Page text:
Who's your favorite character?
How to create a character-driven story.
Welcome to the 28th issue of Write On!
The newsletter that can walk on water (as long as it’s frozen solid).
Estimated read time: 3 minutes 24 seconds
What do you want to be when you grow up?
I wanted to be a professional baseball player for the New York Yankees.
I never thought I’d be an email marketer.
But here we are 8 years later:
$50,000,000+ in email marketing revenue.
Taught a course on email marketing automation.
Run a newsletter with 13,500+ active subscribers.
I stumbled into this field by accident.
I’m lucky I did because it made me realize how powerful copywriting and storytelling can be.
For example, at one company I worked for…
We 20xed monthly revenue in less than a year on the back of email marketing.
Creative storytelling and copywriting were at the heart of our email marketing strategy.
And will be at the heart of my upcoming course: The Storywriting Playbook.
285+ Write On readers are on the waitlist to become a better storyteller so they can sell more online. Consider joining them because you’ll get:
Early access to the course launch
Sneak peeks into the course
Just click the button below 👇
Top Finds This Week:
📖 Storytelling: In 2022, Hollywood made $7,320,000,000 through storytelling. 99% of the movies used the same story framework. Here’s a breakdown (including clips from your favorites): (link)
🧠 Psychology: 5 reverse psychology tactics to close more sales (and become a master in persuasion): (link)
✍️ Write On: Notion has over 30 million users and a $10 billion valuation. They dominate by using storytelling on their landing pages (specifically Dan Harmon’s Story Circle framework). Here’s how Notion uses the Story Circle to get millions of new users on board: (link)
Who’s your favorite character?
It’s George Costanza from Seinfeld for me.
Seinfeld came out when I was a baby. So I never watched the show live.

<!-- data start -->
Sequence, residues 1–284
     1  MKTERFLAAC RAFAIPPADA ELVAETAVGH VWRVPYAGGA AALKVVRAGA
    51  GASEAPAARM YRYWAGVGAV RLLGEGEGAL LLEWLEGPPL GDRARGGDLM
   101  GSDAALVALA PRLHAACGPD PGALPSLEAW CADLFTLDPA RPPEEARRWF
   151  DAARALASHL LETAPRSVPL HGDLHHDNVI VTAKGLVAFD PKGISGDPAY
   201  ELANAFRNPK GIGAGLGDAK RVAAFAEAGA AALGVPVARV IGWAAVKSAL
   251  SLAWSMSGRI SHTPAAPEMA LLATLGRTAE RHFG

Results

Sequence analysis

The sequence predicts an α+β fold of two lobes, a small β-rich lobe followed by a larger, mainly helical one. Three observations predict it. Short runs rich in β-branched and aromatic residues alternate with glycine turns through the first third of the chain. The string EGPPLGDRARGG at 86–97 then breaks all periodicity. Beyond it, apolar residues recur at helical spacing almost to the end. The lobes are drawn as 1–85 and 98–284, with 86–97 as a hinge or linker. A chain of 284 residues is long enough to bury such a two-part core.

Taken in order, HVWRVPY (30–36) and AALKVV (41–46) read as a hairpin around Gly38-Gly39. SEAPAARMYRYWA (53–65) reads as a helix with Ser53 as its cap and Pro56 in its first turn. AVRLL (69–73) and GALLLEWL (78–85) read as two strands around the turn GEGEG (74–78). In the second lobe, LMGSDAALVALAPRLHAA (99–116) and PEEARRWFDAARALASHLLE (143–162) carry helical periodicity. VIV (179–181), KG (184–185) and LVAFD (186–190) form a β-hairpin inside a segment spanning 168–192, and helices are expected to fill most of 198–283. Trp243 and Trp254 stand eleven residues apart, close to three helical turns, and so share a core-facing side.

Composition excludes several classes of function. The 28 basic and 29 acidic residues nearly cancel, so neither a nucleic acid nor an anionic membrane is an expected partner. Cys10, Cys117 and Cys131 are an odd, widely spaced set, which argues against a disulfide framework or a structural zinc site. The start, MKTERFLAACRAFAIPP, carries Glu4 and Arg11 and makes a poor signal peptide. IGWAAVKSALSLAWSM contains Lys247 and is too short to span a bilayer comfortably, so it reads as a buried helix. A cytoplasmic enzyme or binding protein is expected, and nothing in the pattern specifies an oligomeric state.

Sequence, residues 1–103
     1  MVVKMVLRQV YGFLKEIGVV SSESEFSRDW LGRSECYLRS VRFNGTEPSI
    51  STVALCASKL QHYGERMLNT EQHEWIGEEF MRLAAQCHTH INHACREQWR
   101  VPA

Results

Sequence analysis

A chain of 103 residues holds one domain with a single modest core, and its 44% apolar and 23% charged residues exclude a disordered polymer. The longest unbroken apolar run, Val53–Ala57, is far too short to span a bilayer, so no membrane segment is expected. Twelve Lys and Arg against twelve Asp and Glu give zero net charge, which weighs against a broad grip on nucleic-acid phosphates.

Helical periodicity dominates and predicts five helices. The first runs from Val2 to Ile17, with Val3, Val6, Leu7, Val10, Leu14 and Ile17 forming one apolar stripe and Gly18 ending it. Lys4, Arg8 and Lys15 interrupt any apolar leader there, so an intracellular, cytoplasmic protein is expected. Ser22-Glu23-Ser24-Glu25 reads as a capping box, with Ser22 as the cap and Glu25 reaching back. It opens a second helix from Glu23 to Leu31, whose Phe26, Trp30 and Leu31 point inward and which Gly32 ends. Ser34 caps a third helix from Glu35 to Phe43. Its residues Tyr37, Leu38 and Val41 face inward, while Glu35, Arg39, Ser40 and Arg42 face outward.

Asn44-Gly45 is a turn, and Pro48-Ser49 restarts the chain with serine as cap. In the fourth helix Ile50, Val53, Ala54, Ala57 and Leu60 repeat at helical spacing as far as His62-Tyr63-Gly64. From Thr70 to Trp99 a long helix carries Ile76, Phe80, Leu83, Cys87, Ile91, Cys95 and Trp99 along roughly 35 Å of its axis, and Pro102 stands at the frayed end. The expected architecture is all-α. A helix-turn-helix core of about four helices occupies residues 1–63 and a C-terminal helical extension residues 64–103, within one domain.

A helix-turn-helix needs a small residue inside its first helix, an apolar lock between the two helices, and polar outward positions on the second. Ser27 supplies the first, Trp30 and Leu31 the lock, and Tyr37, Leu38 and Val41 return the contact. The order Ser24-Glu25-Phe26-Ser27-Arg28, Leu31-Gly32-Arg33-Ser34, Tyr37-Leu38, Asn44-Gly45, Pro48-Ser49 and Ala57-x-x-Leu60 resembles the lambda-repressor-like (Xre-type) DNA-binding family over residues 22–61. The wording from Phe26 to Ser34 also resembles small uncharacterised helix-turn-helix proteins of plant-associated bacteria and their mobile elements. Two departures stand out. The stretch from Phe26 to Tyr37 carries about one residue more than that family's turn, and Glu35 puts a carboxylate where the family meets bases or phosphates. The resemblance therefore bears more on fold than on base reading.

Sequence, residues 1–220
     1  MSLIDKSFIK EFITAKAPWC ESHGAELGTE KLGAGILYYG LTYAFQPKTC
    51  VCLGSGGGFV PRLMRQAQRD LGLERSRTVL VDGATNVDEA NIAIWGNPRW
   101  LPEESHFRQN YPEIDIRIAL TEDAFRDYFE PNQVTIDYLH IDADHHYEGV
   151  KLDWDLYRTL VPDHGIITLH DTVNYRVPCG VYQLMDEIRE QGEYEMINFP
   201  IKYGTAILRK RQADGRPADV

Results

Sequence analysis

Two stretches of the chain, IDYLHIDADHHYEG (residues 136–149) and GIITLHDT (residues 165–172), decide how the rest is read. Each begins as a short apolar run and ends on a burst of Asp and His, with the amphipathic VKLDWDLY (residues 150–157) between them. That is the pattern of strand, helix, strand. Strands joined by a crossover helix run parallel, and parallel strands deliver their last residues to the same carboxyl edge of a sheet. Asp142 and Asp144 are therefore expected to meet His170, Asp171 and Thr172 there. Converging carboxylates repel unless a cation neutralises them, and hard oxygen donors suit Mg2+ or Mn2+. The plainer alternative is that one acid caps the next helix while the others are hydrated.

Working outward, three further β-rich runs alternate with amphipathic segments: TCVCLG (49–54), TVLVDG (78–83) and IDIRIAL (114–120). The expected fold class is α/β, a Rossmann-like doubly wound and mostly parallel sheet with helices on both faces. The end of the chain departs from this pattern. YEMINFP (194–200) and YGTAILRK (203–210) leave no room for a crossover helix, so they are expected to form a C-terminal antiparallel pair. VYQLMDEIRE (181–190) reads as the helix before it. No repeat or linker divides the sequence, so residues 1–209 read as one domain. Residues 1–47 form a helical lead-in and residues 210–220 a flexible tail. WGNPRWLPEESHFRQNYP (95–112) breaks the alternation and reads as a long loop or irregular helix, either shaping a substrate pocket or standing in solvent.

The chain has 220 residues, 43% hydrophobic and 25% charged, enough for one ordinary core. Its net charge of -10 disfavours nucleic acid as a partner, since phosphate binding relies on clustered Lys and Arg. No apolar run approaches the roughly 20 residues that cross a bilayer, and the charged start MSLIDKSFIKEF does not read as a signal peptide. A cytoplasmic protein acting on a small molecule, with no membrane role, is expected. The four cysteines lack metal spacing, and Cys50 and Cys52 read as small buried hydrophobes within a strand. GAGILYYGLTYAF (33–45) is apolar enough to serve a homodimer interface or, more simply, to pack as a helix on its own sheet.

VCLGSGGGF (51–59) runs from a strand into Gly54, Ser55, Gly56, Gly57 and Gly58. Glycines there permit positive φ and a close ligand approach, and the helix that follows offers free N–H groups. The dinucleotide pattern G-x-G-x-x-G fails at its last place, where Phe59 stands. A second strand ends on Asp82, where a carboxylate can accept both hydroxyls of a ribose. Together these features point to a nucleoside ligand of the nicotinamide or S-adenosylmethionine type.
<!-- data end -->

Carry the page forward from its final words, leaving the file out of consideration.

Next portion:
I fell in love with the show because my mom was always watching re-runs on TBS.
So my routine in middle school looked like this:
Sports practice 3-5pm
2 episodes of Seinfeld re-runs 5-6pm
At 30 years old, it’s still my favorite show.
“Joe… what the hell does this have to do with copywriting?”
Glad you asked.
Because human brains are wired to respond to storytelling - specifically character-driven narratives.
Let me explain…
Time for a biology lesson:
Stories have the unique ability to influence our brains and trigger the release of oxytocin.
This hormone promotes trust.
A Harvard Business Review (HBR) report suggests that character-driven narratives are more effective in promoting the synthesis of oxytocin than other forms of storytelling.
That means you should create content and stories around a character to be viewed as more trustworthy.
How do I come up with a character?
“Joe, I’m not Walt Disney. How do you expect me to come up with characters to tell stories about?”
It’s easier than you think.
The most common characters an entrepreneur can use are:
Yourself / Founder
So let’s break down an example for each:
You as the character:
"I never thought I’d [unexpected outcome]."
Example from me:
“I never thought I’d be an email marketer.”
That’s how I opened today’s newsletter.
I told a quick story about how I stumbled into this career path and how it led to learning about the importance of storytelling and copywriting.
Which segues perfectly into a promotion for my course waitlist.
Much more engaging than if I had only mentioned the course and asked you to sign up, right?
Your customer as the character:
"The unexpected way [customer's name] used our [product/service] to overcome [obstacle] and reach [desired goal]."
Example for Lululemon:
"The unexpected way yoga instructor Emily used our leggings to overcome discomfort during practice and reach her goal of mastering the most challenging poses."
Then, you fill in the relevant details of the story and what was unexpected about it.
Your readers can imagine themselves in the customer’s story achieving a similar transformation.
Your brand as the character:
"The secret behind our product's [specific feature]: a relentless focus on [core value or principle]."
Example for Nike:
"The secret behind our product's cutting-edge cushioning technology: a relentless focus on enhancing athlete performance and comfort."
Then, you would tell a story about why enhancing athlete performance and comfort is so important to your brand.
This gives your audience a sense of your brand values, making you more relatable and trustworthy.
That’s all for this week. Thanks for reading.
See you next Wednesday!
P.S. Whenever you’re ready, here’re three ways I can help you:
Facts tell. Stories Sell. Use storytelling in your copywriting to grow your business. Get early access to my new course: The Storywriting Playbook (👉Add me to the waitlist!)
Write On ad slots open back up in late September. Lock in a discounted rate now while the newsletter continues to grow (👉Grab an ad slot)
Keep your writing sharp all year round and enjoy free lifetime access to my collection of Write On copywriting guides (👉View all guides)
P.P.S. If you've got a moment, I'd love to get your feedback:
What did you think of today's newsletter?